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Nagorno-Karabakh (Artsakh) is an autonomous region of Azerbaijan. Armenia wants it to be part of itself. Most of the people in Nagorno-Karabakh are Armenians. The names for the region in the different local languages all translate to "mountainous Karabakh", or "mountainous black garden". The word "nagorno" is Russian for "mountainous/on the mountain", "kara" is Turkish for "black", and "bakh" means "garden" in Persian.
- Armenian: Լեռնային Ղարաբաղ, transliterated Lernayin Gharabagh
- Azerbaijani: Dağlıq Qarabağ, or Yuxarı Qarabağ (meaning "upper Karabakh" or "mountainous Karabakh")
- Russian: Нагорный Карабах, transliterated Nagornyj Karabakh
History[change | change source]
Nagorno-Karabakh became a subject of the dispute between Armenia and Azerbaijan in 1918 when both countries declared independence from Russia. Territorial dispute has not been resolved until 1920, when both young states became part of the Soviet Union, and actually lost their independence due to the actions of Russian communists (Bolsheviks). During this time many Azeris were killed by Armenian terrorists.
Supporters for the Armenian position frequently emphasize, that resolution of the Caucasian Bureau from July, 5, 1921, was obviously accepted under the Bolsheviks pressure, and, in any case, this resolution contradicts with the principle of self-determination and cannot be considered as valid: the problem should be solved by the countries, which it directly involves, and not by the Committee created specially for this case and inside the ruling party of the third country.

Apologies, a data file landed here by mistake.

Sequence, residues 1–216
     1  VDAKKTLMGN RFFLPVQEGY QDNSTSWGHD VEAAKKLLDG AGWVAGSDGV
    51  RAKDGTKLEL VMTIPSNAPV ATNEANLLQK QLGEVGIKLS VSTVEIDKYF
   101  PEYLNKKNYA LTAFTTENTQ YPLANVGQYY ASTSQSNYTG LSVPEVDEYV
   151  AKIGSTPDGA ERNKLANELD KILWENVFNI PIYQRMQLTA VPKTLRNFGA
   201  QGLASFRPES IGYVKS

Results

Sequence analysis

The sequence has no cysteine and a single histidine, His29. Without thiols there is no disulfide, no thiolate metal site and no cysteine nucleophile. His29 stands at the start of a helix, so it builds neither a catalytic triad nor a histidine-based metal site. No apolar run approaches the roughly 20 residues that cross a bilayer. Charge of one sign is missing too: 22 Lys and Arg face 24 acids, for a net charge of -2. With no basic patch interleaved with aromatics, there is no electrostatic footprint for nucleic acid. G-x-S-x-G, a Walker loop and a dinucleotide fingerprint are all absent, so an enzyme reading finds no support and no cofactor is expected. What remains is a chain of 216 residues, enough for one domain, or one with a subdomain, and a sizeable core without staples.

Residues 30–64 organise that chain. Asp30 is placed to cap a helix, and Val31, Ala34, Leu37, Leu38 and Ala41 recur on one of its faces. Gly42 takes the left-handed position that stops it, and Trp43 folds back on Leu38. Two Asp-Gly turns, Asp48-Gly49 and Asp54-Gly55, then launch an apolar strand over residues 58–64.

When Mikhail Gorbachev has come to power in Moscow and has started the campaigns of publicity and democratic reforms in the end of 80th, Armenians of Nagorno-Karabakh decided to address the problems to the international and Soviet heads. Complaining about "forced Azerification" of the region, the majority Armenian population started a movement for independence.
In November 1991, seeking to stop this movement, the Parliament of Azerbaijan abolished the autonomous status of the region. In response the Nagorno-Karabakh Armenians held a December 10, 1991 referendum in which the overwhelming majority of the population voted for outright independence. The Azeri community of Nagorno-Karabakh boycotted this referendum.
These events and especially violent deportation of approx. 200 000 Azeris from Armenia led to riots against Armenians living in Azerbaijan.
The war for Nagorno Karabakh became the longest and one of the bloodiest conflicts in states-successors of Soviet Union. According to last estimations, it has killed 15.000 people, and the number of refugees has exceeded one million.
Today Nagorno-Karabakh is a de-facto state calling itself the Nagorno-Karabakh Republic.